Setting ovens right

by Dan Malovany
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Perhaps the most direct approach to baking involves long-run operations, which — once the process is set correctly — can often result in yields in the low- to mid-90th percentile on a good shift. Getting to that point, however, requires careful planning and precision tuning, suggested Scott McCally, product manager, thermal group, for Stewart Systems and Baker Thermal Solutions.

Starting out on the right foot is always a good first step on a high-volume line running a select number of items.

“If the product [being baked] is commissioned properly, the careful iterative testing measures taken to develop the default baking parameters for each recipe should only require change in special circumstances, such as formulation, equipment and/or process issues upstream of the oven,” Mr. McCally noted. “Under normal conditions, the oven should inherently produce the ideal product characteristics without any adjustment necessary.”

In today’s increasingly diverse market, however, the new normal is not 200 loaves a minute or 1,000 doz buns an hour. More often than not, even larger conventional sliced sandwich bread bakers find themselves competing against a gamut of premium, ethnic, wholesome and gluten-free options — and that’s only in the bread aisle.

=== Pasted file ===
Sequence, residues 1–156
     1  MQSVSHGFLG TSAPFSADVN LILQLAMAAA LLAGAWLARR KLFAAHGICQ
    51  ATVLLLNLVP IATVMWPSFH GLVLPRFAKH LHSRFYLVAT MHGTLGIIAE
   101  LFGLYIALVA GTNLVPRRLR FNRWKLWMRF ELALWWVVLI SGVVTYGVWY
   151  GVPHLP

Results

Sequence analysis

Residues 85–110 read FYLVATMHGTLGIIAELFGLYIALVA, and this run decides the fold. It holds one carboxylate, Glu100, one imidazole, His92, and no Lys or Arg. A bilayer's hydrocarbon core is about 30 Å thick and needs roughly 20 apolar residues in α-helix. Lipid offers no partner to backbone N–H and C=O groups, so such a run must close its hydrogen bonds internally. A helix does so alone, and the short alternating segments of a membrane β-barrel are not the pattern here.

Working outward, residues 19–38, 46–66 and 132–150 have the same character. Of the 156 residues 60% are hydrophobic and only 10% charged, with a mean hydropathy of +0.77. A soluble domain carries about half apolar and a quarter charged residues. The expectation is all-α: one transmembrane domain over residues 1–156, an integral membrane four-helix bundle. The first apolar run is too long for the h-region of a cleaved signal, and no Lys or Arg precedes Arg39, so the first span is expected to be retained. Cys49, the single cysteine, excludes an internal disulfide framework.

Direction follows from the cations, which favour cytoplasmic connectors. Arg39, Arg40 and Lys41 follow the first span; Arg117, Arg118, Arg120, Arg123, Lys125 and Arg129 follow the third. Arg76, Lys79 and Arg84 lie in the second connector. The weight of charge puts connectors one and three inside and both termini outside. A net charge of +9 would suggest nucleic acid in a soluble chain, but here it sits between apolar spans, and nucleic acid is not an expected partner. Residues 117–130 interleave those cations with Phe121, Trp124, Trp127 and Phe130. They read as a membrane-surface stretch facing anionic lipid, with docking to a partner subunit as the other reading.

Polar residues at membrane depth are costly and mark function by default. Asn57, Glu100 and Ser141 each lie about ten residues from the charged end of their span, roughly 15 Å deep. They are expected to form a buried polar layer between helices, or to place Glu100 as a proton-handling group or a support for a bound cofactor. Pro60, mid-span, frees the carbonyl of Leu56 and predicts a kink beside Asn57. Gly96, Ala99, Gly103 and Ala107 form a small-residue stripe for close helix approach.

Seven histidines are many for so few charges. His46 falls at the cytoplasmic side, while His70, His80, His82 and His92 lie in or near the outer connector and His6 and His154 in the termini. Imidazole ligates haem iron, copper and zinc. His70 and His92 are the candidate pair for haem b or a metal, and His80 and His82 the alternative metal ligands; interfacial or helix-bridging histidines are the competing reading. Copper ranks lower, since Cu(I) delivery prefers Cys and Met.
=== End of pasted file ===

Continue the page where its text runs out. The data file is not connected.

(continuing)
Such a moving target is especially challenging when it comes to foodservice, where developing signature products for multiple customers provides the port of entry to that market. At the oven, where “set it and forget it” is the model for a consistent bake, multiple changeovers to achieve flexibility can wreak havoc on efficiency during a given shift. To adapt to these new realities, bakers are employing “smart scheduling” by combining the latest in programmable controls.

From a programmable perspective, recipe management at the operators’ fingertips provides one tool for success. That’s especially true if such menu-driven system controls can provide quick adjustments inside the oven to control oven temperature in between product runs, according to Shawn Moye, vice-president of sales, Americas, Reading Bakery Systems.

“As soon as the last product enters the oven, we have an automatic system throttle back the oven, reducing the overall baking profile,” he said. “This helps the oven equilibrate before the next product enters it. By doing this, we reduce product waste and get the oven back to its ideal product profile as quickly as possible. The operators have access to all recipes at the operator interface terminal so that with a touch of a button, they can set the required number of burners, damper positions, oven exhaust, bake times, blowers speeds and anything else directly related to the baking profile.”

Another determining factor requires pre-establishing optimal oven settings such as bake time and airflow — especially in indirect-fired or cyclothermic ovens for each product. “The oven will automatically adjust once the new recipe is selected to minimize the changeover time in the oven,” said Charles Foran, chairman, Babbco Inc.
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